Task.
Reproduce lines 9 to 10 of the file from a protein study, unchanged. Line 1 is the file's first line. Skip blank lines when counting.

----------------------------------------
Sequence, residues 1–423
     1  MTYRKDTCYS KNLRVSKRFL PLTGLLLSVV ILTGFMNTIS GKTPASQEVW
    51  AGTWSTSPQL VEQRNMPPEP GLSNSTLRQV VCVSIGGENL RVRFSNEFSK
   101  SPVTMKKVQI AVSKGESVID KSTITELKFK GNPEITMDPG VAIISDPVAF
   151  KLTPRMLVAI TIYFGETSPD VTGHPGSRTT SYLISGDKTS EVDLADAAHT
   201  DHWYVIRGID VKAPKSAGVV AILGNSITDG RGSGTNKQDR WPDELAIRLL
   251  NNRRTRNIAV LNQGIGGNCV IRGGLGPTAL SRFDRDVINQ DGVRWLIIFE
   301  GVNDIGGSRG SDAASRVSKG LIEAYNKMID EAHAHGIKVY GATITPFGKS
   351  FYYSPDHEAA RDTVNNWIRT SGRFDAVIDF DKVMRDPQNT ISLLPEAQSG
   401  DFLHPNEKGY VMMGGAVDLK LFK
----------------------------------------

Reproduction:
   351  FYYSPDHEAA RDTVNNWIRT SGRFDAVIDF DKVMRDPQNT ISLLPEAQSG
   401  DFLHPNEKGY VMMGGAVDLK LFK